Bookish Blind Date: The Waking Forest by Alyssa Wees

Good Morning Witches and Warlocks,

Today’s post is all about my second Bookish Blind Date. This time around, I went with The Waking Forest by Alyssa Wees.

Now before I start my review, a little bit of backstory. My Bookish Blind Date segment is where I basically go in blind and pick a book off the shelf at my local library and give it a go. I’m not allowed to research it as much as I do my planned reads, and I stay off of GoodReads, only reading the synopsis and looking at the cover.

Going forward, I’ll be revising this segment to allow myself to actually read a few pages of the book before going forward. If I had done that, I would’ve realized that this book is in second person.

I’ve always had a rather extreme aversion to reading anything in second person. There’s just something about it that doesn’t read quite as well. That being said, once I started reading I decided that this was a chance to broaden my horizons and do something out of the box.

I’m relatively glad I did, and will consider other second person POV books in the future on a limited basis.

All right, now that I’ve talked your ear off, let’s get into the review!




The waking forest has secrets. To Rhea, it appears like a mirage, dark and dense, at the very edge of her backyard. But when she reaches out to touch it, the forest vanishes. She’s desperate to know more—until she finds a peculiar boy who offers to reveal its secrets. If she plays a game.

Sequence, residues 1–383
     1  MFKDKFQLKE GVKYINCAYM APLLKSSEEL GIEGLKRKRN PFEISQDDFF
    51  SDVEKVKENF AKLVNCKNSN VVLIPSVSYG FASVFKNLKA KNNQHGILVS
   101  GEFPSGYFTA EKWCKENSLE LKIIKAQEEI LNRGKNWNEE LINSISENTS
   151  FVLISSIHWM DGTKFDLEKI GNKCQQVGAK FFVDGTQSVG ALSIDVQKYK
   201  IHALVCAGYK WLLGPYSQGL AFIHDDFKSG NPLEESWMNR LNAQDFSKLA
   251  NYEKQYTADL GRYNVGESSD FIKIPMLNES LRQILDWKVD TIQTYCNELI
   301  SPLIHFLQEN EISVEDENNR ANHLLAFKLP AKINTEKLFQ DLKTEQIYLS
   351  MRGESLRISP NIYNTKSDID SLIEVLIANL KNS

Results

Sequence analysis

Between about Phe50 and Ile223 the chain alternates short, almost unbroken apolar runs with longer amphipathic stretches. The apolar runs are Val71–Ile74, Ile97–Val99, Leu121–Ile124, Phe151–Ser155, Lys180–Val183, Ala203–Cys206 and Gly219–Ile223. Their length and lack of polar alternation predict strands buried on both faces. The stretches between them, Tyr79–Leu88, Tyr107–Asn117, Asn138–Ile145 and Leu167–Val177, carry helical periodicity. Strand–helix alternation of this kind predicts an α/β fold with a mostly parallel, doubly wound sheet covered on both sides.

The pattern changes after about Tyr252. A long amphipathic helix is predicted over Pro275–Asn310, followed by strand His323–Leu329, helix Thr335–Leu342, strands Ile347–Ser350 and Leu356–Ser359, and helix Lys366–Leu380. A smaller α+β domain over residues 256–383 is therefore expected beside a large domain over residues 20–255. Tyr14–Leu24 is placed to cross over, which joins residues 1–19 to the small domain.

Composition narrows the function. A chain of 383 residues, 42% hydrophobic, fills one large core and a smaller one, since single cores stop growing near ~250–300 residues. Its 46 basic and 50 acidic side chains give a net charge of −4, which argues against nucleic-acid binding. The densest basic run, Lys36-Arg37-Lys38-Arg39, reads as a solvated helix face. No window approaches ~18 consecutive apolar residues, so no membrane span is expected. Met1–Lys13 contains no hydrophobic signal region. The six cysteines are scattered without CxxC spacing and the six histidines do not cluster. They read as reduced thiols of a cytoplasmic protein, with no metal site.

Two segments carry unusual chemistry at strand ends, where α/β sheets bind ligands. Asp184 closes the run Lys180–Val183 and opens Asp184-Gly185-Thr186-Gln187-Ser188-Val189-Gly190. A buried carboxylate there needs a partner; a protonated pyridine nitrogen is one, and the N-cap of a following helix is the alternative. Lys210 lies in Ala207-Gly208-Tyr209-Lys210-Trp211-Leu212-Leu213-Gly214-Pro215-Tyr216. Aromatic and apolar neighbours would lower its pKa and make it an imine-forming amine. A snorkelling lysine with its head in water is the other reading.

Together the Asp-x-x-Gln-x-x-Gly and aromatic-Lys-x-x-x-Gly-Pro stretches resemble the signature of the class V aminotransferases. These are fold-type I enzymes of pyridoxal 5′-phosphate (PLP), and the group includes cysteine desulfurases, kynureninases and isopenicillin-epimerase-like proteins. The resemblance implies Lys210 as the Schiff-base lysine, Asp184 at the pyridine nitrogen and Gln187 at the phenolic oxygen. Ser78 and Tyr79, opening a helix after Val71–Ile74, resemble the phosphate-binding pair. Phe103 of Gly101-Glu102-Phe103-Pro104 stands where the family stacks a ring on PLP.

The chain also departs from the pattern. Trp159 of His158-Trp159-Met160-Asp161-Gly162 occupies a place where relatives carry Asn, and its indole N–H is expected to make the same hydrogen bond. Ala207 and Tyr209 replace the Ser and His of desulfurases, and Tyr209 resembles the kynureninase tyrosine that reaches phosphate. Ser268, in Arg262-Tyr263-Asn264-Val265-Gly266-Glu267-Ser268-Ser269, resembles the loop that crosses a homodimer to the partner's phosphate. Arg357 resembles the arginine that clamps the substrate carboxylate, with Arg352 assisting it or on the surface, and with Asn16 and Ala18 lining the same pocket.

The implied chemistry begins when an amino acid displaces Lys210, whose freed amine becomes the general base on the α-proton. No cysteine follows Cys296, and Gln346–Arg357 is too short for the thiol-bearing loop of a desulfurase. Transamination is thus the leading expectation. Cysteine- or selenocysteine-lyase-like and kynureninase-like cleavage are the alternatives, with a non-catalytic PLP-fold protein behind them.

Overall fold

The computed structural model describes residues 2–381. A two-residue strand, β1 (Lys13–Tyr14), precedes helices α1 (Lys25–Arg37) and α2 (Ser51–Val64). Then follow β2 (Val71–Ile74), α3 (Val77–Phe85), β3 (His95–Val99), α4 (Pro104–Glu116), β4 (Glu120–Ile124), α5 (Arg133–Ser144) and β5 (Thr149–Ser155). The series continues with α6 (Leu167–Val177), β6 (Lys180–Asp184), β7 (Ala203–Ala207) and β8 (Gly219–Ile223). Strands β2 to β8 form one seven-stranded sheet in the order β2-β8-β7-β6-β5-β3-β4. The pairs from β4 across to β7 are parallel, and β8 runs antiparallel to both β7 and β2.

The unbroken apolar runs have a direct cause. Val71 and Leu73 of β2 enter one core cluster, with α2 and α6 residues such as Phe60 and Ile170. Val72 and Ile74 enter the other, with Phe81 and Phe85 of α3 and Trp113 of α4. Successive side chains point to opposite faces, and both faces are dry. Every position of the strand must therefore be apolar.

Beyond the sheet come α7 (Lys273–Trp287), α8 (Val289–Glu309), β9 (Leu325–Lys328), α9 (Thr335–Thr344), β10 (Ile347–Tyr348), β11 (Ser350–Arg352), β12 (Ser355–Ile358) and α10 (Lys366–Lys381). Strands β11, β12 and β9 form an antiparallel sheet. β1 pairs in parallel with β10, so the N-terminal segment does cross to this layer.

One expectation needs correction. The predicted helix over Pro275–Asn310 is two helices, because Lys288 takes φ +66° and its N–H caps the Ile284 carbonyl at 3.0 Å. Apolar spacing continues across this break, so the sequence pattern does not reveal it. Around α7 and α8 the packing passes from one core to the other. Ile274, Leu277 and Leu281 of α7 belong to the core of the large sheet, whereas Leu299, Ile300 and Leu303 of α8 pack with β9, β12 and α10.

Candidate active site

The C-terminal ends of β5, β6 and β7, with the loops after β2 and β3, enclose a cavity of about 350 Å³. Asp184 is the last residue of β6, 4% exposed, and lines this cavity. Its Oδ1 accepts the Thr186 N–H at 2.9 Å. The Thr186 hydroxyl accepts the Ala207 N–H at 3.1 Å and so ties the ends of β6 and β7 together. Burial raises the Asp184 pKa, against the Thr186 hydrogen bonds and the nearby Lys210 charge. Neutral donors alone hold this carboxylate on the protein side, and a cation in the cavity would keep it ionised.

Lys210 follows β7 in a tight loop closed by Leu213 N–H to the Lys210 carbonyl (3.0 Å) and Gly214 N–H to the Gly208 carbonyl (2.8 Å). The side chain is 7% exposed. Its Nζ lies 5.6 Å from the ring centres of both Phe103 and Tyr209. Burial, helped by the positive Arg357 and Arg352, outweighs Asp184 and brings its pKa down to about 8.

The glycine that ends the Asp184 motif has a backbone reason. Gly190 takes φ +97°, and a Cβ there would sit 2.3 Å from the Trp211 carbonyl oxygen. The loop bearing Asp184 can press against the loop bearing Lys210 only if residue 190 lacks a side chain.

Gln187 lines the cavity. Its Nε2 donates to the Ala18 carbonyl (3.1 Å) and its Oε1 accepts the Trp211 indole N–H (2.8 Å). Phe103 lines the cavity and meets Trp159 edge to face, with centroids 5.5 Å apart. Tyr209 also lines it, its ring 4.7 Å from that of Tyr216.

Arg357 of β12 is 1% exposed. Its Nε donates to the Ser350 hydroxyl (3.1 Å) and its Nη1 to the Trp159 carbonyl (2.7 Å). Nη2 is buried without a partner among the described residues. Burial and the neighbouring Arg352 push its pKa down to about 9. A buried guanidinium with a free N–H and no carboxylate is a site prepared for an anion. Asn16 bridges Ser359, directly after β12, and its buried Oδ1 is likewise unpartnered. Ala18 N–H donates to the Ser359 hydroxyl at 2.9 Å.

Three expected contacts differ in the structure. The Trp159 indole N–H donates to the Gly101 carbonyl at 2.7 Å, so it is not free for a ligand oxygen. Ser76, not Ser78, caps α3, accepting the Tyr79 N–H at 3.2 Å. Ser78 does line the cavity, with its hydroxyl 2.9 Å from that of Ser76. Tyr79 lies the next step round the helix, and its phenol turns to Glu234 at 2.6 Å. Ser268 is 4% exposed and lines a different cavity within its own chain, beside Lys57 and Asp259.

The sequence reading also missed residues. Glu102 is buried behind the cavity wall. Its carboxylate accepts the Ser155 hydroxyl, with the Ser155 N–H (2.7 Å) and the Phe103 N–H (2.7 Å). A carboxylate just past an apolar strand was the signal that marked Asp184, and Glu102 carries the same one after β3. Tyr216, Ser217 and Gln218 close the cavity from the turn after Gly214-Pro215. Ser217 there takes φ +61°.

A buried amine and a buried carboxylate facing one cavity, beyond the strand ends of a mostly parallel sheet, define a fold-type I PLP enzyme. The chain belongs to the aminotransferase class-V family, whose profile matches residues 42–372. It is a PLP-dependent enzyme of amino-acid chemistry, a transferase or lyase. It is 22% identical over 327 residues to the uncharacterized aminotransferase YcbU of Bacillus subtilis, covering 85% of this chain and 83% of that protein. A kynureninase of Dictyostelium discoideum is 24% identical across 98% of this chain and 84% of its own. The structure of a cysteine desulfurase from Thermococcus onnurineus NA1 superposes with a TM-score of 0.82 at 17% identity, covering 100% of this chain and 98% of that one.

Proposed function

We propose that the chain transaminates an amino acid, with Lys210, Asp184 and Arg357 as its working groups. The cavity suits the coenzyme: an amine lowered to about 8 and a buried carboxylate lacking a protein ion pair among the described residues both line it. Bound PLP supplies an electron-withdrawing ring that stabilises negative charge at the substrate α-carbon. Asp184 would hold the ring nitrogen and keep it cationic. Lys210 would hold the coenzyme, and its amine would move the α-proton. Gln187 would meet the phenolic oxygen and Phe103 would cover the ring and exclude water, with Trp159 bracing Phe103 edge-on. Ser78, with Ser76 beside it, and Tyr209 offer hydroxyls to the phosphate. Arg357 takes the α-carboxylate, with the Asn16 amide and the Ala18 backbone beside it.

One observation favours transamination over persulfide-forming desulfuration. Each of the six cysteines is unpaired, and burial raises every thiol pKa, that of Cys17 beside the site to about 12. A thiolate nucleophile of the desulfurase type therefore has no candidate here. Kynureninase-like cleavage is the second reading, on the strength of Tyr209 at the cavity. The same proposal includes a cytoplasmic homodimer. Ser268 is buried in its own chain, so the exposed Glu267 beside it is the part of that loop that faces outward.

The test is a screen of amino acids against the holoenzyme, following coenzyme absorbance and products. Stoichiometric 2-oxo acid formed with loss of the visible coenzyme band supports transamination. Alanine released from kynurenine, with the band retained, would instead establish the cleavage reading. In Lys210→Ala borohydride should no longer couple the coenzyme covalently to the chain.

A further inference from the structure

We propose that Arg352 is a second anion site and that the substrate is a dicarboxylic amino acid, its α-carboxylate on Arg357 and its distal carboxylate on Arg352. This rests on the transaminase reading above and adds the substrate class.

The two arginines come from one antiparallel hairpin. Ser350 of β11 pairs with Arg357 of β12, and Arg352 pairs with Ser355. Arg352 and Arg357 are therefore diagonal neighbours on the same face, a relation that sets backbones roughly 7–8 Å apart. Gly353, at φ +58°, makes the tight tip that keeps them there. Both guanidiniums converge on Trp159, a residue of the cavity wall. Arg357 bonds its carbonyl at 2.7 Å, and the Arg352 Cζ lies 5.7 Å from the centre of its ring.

To the Witch, the forest is her home, where she sits on her throne of carved bone, waiting for dreaming children to beg her to grant their wishes. One night, a mysterious visitor arrives and asks her what she wishes for, but the Witch sends him away. And then the uninvited guest returns.

The strangers are just the beginning. Something is stirring in the forest, and when Rhea’s and the Witch’s paths collide, a truth more treacherous and deadly than either could ever imagine surfaces. But how much are they willing to risk to survive?


I gave this book three stars, and I think that score is fair based on my experience.

This is my first time reading one of Alyssa Wees’s works, and while my journey was conflicted, ultimately I am glad to have read this work. New authors deserve an honest review more than most people realize.

This is also my first time reading a book in the second person point of view. I’ve always had a hard time understanding why anyone would write in this perspective, but I have a little more respect for it now for taking a chance like I did.

I picked this book up with high hopes. I mean, that cover though! It’s very dark and ominous, spooky. So why the three stars?

To be honest, the entire first part of the book. This book was split into two parts, vastly different from one another if you ask me, and I had completely different opinions on each part.

In a nutshell, this book is about a girl Rhea Ravenna and her family that live in a house near the beach. She’s always had disturbing visions of decay and death, and when she encounters a strange entity in her attic who claims he knows her and can take her curse away, she resolves to find out who this stranger is and considers his offer.

I had a lot of issues with the first part of this book. If the entire book was set here I probably would’ve given the book two stars, but thankfully it wasn’t. I think the concept of the first section was interesting enough, but there were also plenty of issues.